“The court has been very quiet … perhaps this is because of the ongoing appeals process, but it is a shame there is so little coming from the court as it is important for them to address the misinformation and manage expectations,” said Ferstman.
“If you think about it positively, the decision is a very strong sign of the independence of the court, that the court is prepared to take a decision that is procedurally right, but this will not make much difference to victims in DRC where the decision is likely to confirm their worst feelings about a court that is not able to address their concerns.”
It has been a turbulent few years for the ICC, the world’s first permanent war crimes court, which came into being in 2002. With no police force of its own it relies on ICC member states to make arrests. Seven suspects from Uganda and Sudan remain at large, and in November 2009 judges refused to confirm the charges against Darfur rebel leader Abu Garda, at the time the only ICC indictee to surrender himself voluntarily.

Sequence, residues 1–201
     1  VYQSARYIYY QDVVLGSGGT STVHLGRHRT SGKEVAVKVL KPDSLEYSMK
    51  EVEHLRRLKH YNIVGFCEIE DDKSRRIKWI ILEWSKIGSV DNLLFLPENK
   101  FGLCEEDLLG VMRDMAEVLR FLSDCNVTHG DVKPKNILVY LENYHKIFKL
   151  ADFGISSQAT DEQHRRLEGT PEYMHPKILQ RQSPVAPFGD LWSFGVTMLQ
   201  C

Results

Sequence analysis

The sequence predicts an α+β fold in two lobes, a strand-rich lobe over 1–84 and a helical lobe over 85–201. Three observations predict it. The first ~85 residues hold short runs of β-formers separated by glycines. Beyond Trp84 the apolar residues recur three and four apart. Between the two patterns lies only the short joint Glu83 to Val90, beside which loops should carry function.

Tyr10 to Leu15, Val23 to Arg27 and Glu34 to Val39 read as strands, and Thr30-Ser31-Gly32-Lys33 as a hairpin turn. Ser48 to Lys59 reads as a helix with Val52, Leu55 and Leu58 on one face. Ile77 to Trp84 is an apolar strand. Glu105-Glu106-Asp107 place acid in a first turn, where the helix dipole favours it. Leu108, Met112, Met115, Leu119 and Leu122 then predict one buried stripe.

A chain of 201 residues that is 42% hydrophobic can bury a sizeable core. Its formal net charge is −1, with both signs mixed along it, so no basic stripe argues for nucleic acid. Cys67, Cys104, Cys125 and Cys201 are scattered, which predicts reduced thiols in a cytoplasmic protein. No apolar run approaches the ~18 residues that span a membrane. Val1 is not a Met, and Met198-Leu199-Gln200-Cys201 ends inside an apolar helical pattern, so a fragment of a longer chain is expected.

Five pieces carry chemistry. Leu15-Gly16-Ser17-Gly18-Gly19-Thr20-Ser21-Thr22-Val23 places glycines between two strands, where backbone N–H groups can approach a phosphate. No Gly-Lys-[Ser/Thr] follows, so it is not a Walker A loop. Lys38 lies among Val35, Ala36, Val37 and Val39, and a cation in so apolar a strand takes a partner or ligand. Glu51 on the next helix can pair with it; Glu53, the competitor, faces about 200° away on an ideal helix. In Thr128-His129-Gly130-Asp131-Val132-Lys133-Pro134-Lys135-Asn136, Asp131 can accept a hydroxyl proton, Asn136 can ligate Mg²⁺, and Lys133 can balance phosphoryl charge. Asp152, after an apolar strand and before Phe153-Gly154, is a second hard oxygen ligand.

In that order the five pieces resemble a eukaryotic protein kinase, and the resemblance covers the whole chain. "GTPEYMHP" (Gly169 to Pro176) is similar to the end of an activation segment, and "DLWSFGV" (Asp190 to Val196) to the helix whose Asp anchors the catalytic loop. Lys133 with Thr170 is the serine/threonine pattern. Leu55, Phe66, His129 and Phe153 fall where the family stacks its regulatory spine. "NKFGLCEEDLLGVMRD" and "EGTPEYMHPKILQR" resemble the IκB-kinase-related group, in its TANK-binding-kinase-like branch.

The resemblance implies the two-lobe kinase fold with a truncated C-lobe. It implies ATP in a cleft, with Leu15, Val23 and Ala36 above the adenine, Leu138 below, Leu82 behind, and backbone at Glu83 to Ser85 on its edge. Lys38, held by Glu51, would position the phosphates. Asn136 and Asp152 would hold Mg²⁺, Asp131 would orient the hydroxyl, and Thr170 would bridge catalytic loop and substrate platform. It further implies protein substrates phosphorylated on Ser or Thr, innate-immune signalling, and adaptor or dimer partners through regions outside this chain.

Meanwhile, the trial of DRC’s former vice-president Jean-Pierre Bemba for crimes in the Central African Republic has been postponed from July pending a defence motion to suspend proceedings.
Pressure on “Terminator”
The arrest of Ntaganda – known as the Terminator from his time in Ituri – would give the ICC a welcome public relations boost in its fight against impunity. However, the government has refused to make the arrest, saying Ntaganda is too important to the ongoing peace process in the Kivu provinces.
After leaving the UPC, Ntaganda went to Goma where he joined the National Congress for the Defence of the People (CNDP), led by Laurent Nkunda. He eventually forced Nkunda out and in early 2009 signed a peace deal with the government. Human rights groups accuse Ntaganda of atrocities in North Kivu, including masterminding the 2008 attack on the town of Kiwanja.
A senior CNDP official told IRIN that Ntaganda was willing to go to The Hague – but not yet. “He doesn’t fear the ICC at all,” said Desire Kamanzi. “But he has a lot of work to do for his people and the community at large. He’s not ready to surrender himself because of pressure from international activists.”
Activists like Kapiamba, however, insist Ntaganda belongs in a courtroom, not the national army. “His presence within the army is menacing victims and witnesses and contributing to worsening tension in the region,” he said.
[This report does not necessarily reflect the views of the United Nations]